Second easiest, is that it's not gold, but a fake gold made with a metal with a low melting-point. Khal Drogo might have been duped by an unscrupulous trader, or he used fake gold to add to the insult. "Why, the 'golden crown' isn't even gold at all!"

Real gold in our world, when it's melted, glows yellow, a typical cooking pot (cast iron or copper) would also melt in the tempuratures required to melt gold, and those tempuratures can't be reached on a campfire anyway. Even in a furnace, the time required to melt gold is far greater than the time it took in the show.

It might have been a gold alloy rather than pure gold. There's a chart at listing the lowest possible melting points of various alloys of gold plus one other metal (the melting point depends on the ratio of the two, but the temperatures listed are those for an "eutectic mixture", which is defined as "the mixture at such proportions that the melting point is as low as possible.") The lowest temperature is a gold/thallium alloy which melts at only 268 degrees Fahrenheit, and other reasonably low ones are gold/lead which has a melting point of 419 Fahrenheit, and gold/bismuth which melts at 466 fahrenheit (in real history, both lead and bismuth have been used since ancient times, so it's plausible they'd be available in the world of Game of Thrones). The numbers on this page and this one suggest that over 800 celsius, or around 1500 fahrenheit, would be a reasonable conservative estimate for the temperature of an open wood fire, so it should easily be able to melt nearly all the eutectic alloys on that page (the only ones above 1500 are manganese, sodium, and uranium).

Not as shown.

As noted by others, the melting point of gold is (depending on its purity) between 900°C and 1070°C, see the table below.

A table of melting points of various metals and alloys

The various sources such as the same question on Skeptics.SE and a similar question (silver instead of gold) somewhere else put the heat of a campfire between 500-1000°C, to 1100-1200°C for large fires. Assuming the melting pot was in the fire or very near to it (to have enough heat transferred), it could be possible, depending on the purity of the gold.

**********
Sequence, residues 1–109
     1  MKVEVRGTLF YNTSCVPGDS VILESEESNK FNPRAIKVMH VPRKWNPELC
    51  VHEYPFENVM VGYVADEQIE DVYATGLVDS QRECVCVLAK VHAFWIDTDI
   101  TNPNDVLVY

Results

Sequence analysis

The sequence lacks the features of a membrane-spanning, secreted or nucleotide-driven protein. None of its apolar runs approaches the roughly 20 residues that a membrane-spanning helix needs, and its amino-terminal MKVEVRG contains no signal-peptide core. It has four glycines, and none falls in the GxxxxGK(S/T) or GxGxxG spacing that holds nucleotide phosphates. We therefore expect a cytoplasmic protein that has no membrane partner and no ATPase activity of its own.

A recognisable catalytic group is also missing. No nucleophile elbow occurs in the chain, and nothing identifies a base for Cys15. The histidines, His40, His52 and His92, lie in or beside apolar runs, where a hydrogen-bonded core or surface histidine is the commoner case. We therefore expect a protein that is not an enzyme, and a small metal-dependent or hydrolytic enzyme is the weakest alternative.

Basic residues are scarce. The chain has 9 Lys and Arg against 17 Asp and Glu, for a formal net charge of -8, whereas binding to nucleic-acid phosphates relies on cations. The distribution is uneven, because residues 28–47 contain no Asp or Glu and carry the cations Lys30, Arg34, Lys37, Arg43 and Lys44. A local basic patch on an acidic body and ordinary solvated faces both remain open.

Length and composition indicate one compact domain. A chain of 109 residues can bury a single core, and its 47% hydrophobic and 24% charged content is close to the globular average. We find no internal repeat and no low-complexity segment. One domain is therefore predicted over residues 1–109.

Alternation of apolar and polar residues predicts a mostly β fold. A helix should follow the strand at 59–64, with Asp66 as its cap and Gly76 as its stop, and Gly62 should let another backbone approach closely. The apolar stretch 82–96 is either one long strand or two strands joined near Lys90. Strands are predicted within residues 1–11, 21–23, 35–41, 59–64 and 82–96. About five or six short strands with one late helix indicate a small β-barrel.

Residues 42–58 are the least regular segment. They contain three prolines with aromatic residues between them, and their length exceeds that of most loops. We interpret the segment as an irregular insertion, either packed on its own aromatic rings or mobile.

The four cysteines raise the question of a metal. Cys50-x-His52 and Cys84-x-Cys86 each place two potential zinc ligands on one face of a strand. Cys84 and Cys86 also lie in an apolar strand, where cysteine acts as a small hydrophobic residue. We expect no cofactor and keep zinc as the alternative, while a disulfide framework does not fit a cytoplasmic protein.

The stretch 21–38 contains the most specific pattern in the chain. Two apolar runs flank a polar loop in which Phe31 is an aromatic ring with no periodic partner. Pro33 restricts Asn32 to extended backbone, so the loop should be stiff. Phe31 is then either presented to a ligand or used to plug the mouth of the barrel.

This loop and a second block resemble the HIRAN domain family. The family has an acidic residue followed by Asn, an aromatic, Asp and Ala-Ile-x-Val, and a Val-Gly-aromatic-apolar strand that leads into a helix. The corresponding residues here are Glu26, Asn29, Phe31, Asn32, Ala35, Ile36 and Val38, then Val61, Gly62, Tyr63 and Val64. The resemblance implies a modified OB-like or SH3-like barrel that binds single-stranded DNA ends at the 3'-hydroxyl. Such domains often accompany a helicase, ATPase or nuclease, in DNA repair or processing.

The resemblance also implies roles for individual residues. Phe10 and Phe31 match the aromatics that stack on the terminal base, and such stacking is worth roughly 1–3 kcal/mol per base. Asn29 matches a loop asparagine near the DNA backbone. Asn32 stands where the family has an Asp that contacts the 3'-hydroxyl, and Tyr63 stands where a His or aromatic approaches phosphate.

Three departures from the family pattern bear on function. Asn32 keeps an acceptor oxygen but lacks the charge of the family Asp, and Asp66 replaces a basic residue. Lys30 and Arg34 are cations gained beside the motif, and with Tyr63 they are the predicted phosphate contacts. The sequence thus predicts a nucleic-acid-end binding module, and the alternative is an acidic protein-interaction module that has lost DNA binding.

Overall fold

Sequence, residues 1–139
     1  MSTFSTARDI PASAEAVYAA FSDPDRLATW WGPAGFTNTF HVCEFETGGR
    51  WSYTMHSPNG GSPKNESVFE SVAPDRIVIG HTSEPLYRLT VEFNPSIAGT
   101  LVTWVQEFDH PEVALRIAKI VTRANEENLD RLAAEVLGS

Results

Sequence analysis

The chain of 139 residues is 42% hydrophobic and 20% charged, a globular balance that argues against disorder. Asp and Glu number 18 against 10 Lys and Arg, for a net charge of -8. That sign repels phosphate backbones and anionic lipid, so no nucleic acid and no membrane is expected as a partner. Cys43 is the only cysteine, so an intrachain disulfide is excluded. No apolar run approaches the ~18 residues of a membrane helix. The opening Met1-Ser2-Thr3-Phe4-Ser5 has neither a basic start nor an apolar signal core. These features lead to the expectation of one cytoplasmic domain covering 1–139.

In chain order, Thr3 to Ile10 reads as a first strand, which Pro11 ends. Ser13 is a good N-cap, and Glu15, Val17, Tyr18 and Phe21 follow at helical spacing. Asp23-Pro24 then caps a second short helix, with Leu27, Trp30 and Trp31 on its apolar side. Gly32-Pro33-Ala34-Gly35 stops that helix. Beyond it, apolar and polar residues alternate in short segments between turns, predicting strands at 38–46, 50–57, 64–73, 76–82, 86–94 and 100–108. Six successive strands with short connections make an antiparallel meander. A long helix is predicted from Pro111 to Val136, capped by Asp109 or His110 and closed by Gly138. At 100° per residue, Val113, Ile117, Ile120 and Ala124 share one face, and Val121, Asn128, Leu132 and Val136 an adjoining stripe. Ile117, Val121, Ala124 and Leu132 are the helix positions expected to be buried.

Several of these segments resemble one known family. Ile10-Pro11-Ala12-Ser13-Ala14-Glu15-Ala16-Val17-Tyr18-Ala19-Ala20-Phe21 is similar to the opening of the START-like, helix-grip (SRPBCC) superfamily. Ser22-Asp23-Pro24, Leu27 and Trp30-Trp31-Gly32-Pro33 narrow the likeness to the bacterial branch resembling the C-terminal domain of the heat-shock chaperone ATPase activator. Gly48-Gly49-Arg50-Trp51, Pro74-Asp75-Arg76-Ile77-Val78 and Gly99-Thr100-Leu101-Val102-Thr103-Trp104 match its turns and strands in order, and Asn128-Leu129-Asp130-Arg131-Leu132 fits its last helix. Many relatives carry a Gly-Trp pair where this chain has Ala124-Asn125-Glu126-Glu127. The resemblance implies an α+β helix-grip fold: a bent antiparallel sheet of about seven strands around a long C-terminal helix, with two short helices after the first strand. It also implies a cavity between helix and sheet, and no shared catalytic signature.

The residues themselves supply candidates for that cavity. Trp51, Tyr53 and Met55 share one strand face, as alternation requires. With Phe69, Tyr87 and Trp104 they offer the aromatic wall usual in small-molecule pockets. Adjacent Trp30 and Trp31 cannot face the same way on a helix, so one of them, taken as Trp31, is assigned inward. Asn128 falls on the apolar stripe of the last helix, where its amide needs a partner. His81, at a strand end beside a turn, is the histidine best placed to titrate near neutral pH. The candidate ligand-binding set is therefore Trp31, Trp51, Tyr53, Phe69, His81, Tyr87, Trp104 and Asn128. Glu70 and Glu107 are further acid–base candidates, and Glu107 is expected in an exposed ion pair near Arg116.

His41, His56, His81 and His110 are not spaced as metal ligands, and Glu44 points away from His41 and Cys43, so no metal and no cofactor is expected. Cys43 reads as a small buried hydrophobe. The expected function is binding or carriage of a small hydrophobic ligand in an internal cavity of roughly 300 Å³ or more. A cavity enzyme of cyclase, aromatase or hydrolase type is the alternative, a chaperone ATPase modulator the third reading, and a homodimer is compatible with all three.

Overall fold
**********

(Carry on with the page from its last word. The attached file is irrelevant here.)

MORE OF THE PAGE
So yes, it should be possible in theory.

However, Wikipedia puts the colour of steel at orange at that temparature. So the pot in which the gold was melted, should have been glowing red hot at the very least, as seen in the following image.

enter image description here

Also, the pot was not in the fire but above it, and from the meat being cooked on it, the fire doesn't look hot enough (the meat would've been charred).

So yes, it should (theoretically) be possible, but not as shown.

  • @Gallifreyan yeah. Any image of a pot of molten gold will do, actually. I'll see what I can find. – SQB Mar 11 '17 at 19:43

You're thinking too much about our reality, how do I justify it?

Making the point that the world of Game of Thrones is an alternate reality, (black magic, dragons and other stuff that does not exist in our reality) so maybe the gold in the Game of Thrones reality although looking like the one in our world, melts at a lower temperature as lead, tin, and aluminum melts in ours.

Now, since it is filmed in our reality, what they used for the special affects I am not certain of.

  • 1
    They probably used chocolate and gold paint. – Oldcat Jul 3 '14 at 17:42

No matter what kind of metal it was there was no way it could have melted it. It's shown 30 seconds earlier that the fire wasn't that hot because they poured out a pot of SOUP. Boiling point of water = 100c and melting point of even aluminum is still +600c

protected by Edlothiad Jan 29 at 9:37

Thank you for your interest in this question. Because it has attracted low-quality or spam answers that had to be removed, posting an answer now requires 10 reputation on this site (the association bonus does not count).

Would you like to answer one of these unanswered questions instead?

Not the answer you're looking for? Browse other questions tagged or ask your own question.